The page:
There are several pillars of research, allowing players to unlock upgrades for their minions, traps and defenses, and new items like torches and lanterns. I didn't care about any of that, however, so I started spending my research points on beefing up my pitiful troops. Two soldiers, even hardy ones, don't make much of a fighting force, so I summoned a dwarfling and added him to the ranks of my warriors. All the while, I had been doing up my digs. Masterwork stone everywhere! My minions rejoiced in their high class surroundings, and I got them to plant a lovely little apple tree to celebrate.
Despite being a tough-looking bunch, most of my dwarves were entirely incapable of defending themselves from goblins, spiders, or what have you. It's not that they would run away and hide when faced with a foe -- that would actually be preferable -- rather they just wandered around, oblivious, until they died. So when my digger smashed his way through into that hidden room, I immediately teleported him to safety and sent in my axe-wielding warriors. They made short work (sorry) of the pair of goblins hanging out there and conquered the little room in my name. It had benches and a table... what a treasure.
While the victory didn't really result in the riches I'd dreamed off, it had provided experience for my troops, who I specialized into two berserkers and a spear-thrower, and a new room that I just discovered I sorely needed. You see, my once work-shy peons had developed almost German efficiency, and now I was running out of storage space thanks to all the surplus materials. After a spot of interior decorating and chest manufacturing, the goblin chamber was transformed into my new storage room/guard post. The excitement was almost too much for my dwarves, who all went to bed.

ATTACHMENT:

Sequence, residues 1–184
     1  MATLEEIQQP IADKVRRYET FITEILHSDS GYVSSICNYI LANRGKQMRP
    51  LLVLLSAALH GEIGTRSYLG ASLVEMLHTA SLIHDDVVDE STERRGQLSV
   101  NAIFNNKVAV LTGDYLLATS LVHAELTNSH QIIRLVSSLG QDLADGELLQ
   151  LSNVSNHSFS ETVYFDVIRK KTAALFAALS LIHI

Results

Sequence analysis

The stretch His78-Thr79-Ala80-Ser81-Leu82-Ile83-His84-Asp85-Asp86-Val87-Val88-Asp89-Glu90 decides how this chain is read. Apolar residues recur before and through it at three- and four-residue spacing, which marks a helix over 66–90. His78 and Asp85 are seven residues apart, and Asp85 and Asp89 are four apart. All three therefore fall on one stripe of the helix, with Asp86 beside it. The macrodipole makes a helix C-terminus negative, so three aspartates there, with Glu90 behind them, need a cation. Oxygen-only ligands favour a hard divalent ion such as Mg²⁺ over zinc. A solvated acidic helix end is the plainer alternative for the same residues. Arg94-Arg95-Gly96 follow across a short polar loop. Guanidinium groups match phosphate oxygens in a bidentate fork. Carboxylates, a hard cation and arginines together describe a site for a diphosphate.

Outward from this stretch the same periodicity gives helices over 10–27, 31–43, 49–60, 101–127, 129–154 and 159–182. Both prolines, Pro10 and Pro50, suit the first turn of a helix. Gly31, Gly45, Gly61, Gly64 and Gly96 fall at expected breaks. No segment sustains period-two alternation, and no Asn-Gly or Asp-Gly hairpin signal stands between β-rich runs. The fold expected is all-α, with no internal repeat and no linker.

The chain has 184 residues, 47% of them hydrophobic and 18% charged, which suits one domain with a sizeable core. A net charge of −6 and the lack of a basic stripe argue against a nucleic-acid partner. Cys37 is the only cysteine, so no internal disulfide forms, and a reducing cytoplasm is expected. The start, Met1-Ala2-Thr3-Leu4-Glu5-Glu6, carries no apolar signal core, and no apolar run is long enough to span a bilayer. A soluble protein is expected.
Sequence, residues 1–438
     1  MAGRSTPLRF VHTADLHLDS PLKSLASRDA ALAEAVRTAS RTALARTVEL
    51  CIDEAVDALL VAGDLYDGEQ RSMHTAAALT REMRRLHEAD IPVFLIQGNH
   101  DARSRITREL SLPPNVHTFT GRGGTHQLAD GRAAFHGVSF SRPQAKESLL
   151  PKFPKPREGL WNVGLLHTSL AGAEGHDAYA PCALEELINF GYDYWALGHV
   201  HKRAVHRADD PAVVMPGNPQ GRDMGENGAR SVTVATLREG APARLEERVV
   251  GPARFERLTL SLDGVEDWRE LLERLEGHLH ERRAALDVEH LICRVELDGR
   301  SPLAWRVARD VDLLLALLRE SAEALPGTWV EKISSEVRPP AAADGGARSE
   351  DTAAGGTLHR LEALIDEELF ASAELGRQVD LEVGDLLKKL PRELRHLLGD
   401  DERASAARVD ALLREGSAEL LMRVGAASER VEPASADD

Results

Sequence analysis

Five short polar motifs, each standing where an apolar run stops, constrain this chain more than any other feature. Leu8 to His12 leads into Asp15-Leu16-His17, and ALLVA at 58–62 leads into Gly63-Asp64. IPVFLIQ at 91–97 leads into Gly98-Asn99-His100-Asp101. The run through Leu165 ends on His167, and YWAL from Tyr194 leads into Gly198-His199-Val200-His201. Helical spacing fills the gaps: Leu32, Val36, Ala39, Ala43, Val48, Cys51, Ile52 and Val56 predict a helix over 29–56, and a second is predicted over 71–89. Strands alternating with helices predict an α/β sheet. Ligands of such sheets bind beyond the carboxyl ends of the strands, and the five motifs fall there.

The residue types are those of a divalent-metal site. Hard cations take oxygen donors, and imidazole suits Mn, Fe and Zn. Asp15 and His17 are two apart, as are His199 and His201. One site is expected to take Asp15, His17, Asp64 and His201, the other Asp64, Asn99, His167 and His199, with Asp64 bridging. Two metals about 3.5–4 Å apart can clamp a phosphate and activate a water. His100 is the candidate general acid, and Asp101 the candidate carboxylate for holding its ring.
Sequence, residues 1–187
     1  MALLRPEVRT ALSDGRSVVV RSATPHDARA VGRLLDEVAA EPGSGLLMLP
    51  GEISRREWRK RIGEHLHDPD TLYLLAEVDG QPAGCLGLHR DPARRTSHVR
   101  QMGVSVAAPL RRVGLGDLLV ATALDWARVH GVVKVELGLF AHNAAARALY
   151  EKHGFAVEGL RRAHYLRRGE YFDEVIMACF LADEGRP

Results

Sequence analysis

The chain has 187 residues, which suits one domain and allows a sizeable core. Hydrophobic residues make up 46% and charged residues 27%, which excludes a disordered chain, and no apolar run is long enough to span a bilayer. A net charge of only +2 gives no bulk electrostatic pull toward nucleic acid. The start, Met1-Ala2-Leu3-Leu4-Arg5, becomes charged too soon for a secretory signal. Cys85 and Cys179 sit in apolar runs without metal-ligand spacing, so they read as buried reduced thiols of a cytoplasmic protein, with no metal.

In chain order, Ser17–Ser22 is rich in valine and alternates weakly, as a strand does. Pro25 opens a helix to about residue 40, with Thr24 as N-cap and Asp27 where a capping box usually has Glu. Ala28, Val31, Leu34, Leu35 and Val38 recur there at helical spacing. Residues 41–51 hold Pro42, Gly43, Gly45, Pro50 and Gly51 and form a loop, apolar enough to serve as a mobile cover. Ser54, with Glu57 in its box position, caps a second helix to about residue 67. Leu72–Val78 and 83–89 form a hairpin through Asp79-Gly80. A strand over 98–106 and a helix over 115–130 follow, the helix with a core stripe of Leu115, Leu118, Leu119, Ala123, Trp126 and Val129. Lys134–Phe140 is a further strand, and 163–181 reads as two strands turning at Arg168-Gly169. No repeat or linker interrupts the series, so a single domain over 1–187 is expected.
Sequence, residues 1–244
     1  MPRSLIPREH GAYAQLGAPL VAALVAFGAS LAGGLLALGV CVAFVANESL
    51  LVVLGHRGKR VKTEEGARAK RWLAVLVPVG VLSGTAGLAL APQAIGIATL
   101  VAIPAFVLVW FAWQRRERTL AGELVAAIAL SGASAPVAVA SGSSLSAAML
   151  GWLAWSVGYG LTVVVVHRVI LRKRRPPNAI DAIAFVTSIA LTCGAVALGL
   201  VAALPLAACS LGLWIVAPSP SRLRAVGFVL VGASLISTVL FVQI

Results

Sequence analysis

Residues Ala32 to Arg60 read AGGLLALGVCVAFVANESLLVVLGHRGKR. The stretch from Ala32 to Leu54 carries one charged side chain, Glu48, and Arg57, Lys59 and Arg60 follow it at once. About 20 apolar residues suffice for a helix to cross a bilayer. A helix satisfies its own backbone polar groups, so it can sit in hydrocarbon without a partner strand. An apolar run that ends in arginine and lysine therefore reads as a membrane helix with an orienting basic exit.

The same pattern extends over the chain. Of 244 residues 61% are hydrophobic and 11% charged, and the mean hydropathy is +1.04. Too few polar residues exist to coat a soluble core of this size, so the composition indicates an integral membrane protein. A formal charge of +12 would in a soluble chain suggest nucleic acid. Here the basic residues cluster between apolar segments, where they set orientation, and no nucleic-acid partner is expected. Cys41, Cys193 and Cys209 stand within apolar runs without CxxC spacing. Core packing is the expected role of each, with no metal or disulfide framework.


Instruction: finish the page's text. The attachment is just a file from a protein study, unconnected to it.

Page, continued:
To the east were more purple question marks, spinning alluringly. I must have them, I yelled to my neighbor through the wall. It was 2 AM and I was still building. My neighbor gave a supportive bang on the wall, and I got back to business. I opted for a more cautious approach this time. More specifically, I opted for an approach that involved the new traps my researcher had just unlocked. At my disposal, I had some nasty blades which snapped out of the floor and some arrow traps for the walls. It was going to be a blood bath.
I constructed a corridor of death covered in devious traps, each requiring a separate generator which I locked behind wooden doors just in case the monsters tried to shut off the power. The room was one floor down, so I was able to get a good look at my enemies from above. Four goblins, all relatively high-level -- it was a good thing I'd built those traps. The wee green beasties were too stupid to build anything, so they were stuck bellow. To help them along to their death, I kindly placed a ladder for them to clamber up, right into my waiting arrows and blades.
Things didn't quite go to plan. The first thing the goblins did was walk up to the first door protecting a generator and smash it. The door remained standing, but the generator was inexplicably gone. These green menaces kept doing this, and only one trap actually did any damage. When they burst through the door into my storage room, they were almost at full strength. Luckily, my stalwart warriors didn't care and rushed into battle. It was hard fought and hard won, with zero casualties on my side. Another heroic victory for yours truly.
All that was left for me to do was inspect my latest acquisitions. Some broken furniture, crappy lighting fixtures, cobwebs, assorted rubbish, a priceless crystal, more rubbish... hang on a minute! The glowing crystal was one of four scattered throughout this subterranean realm, and it had been my quest to discover them, a quest I had been ignoring up until now!
My dwarves were content, our home was coming along nicely, and we were well defended and rather educated. There were still more battles to be fought and treasure to uncover, but I'd managed to make a cave a home.
A Game of Dwarves launches for PC and Mac on October 23.